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Back it up: Keeping your files safe as a professional creator.

If you don’t know how to do backups, every piece of advice feel like too much of a hassle and busy work. Then you lose everything, you bash your head against the walls, and learn how to do backups.

I’m writing this guide so you can skip that agonizing step, and just be safe.

What is not a backup?

Let’s start with the basics: keeping files on USB drives and Dropbox/Google Drive are not backup alternatives. For a backup to be valid, it has to be at least in 2 places, and it also has to be continuously updated.

If you’re working off of an external drive, or Dropbox-like online service, then that’s your only copy. If it goes, so does your file.

No-nonsense backup with Backblaze

Peace of mind starts at $6 a month, or $60 per year.

What Backblaze offers is the simplest possible backup utility. You pay a fixed price to back up a single computer, Mac or PC, no matter how large your drive is, and it backs it up to its secure servers.

Interface of Backblaze's backup utility.

It also backs up any external drives attached and mounted directly, as long as you connect it to your computer at least every 30 days. No storage size or device limit.

So, whether you’re working on a 128GB MacBook Air with a 250GB USB harddisk attached, or a 4TB iMac Pro with a 48TB Thunderbolt drive mounted, it’s all backed up for no additional cost.

You can even exclude directories to be backed up, choose WiFi networks to avoid for backups, and adjust the time period to run the backups.

Restoring is also easy, if you ever need it. You can download all your data straight from the site, but if you don’t have a fast enough connection, you can just request all your data on a drive, and they’ll ship it to you for a refundable fee.

Running a clone from a USB Drive

Even though Backblaze offers multiple restore options, it’s never going to be fast. You’ll either be limited by your internet connection, or by delivery—and if you’re in anywhere but the US, customs—speeds.

This is where our 2nd factor of backup comes in: A USB disk with a clone of your Mac boot drive.

SuperDuper! is an awesome utility that makes this possible. You connect your USB drive, select it, and it backs up your whole internal drive to it.

What you need is an external drive, equal in capacity to whatever your internal drive is. An SSD is preferable here, as it’ll be both faster to back up, and to run off of.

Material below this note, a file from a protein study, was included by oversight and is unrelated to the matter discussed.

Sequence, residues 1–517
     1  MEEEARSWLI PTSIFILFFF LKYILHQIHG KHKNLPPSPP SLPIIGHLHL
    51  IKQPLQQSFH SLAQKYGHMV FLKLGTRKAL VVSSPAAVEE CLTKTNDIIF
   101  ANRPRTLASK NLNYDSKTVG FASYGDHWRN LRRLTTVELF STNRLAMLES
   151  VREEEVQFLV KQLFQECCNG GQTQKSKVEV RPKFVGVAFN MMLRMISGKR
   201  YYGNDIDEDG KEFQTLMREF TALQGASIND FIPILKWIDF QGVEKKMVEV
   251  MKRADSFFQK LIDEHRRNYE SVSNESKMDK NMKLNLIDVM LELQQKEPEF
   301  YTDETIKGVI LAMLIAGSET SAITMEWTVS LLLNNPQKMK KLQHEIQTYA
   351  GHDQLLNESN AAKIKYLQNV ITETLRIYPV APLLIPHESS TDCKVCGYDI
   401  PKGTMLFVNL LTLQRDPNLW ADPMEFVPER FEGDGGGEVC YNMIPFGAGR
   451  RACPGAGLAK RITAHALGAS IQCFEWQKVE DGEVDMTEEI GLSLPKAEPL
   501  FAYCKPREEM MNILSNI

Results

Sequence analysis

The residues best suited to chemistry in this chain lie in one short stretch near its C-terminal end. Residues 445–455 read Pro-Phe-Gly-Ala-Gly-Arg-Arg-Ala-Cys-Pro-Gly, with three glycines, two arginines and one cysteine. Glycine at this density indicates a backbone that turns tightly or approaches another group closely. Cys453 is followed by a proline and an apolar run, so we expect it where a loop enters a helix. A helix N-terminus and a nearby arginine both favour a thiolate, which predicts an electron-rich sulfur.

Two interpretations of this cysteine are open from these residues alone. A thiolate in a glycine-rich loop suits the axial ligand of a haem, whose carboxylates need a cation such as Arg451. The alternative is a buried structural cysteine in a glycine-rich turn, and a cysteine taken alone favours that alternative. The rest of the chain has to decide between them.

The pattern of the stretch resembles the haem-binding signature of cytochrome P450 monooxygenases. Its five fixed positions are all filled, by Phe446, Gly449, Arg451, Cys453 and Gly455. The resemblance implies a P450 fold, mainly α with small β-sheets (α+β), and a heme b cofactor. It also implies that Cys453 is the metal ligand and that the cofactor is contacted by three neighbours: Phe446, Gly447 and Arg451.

A Kingston SSD drive in a see-through 2.5-inch enclosure, and a smaller Sandisk SSD laying on top of it.
You can buy a small portable SSD, or make yourself larger one buy buying parts.

Using SuperDuper!, copy the whole internal drive into the SSD every 2 weeks. That way, if something happens to your files you’ll have at most 2-week-old backups.

In case you have to part ways with your Mac, you can also grab another one, plug the drive in, hold down Option ⌥ at launch and use it just where you left off. No need to set it up from scratch, find license keys, or any other new computer nuisances.

What about external drives?

If you are a photographer or videographer, you probably use multiple drives to keep your old files. Plugging and unplugging those are a nuisance already, and keeping backups are even harder. Sure, Backblaze already backs those up if you want to, but what happens when you have 10 4TB drives, and they all go missing somehow at the same time? Will you even be able to download 40TB of files from Backblaze in 30 days?

If you have a file-heavy workflow, you should already be looking into NAS (Network-Attached Storage) devices with multiple drives. These devices can be set up so even if one drive fails, the others can pick up the slack, and once you replace the malfunctioning drive it picks up where you left off.

4-disk QNAP NAS device with drive caddies slightly pulled out.
NAS devices for home use can have up to 4 drives.

But Backblaze doesn’t backup these devices, because they are basically servers, and Backblaze only works with personal computers. So, backing these up requires a solution made for servers: Amazon S3 Glacier is such a service that charges $1 for a TB of storage, and most modern NAS devices have backup utilities that allow one to incrementally update backed up files, so you don’t have to upload the whole system every time you add a few files.

Wait, I’m confused?

OK, here’s a tl;dr:

  1. Use Backblaze.
    Set it and forget it, and you’ll be safe in case of a worst-case scenario.
  2. Get an SSD drive, use SuperDuper! to clone your drive bi-weekly.
    You will have an at most 2-weeks-old version of your computer, ready to be plugged into any Mac, and to clone back to a new Mac if you need to.
  3. If you use external drives, get a NAS and backup to Amazon Glacier.
    The NAS will keep your drives safe, and if the whole NAS goes down, you will still have an off-site backup.

I hope this clears it up! Be safe out there, and try not to lose any files.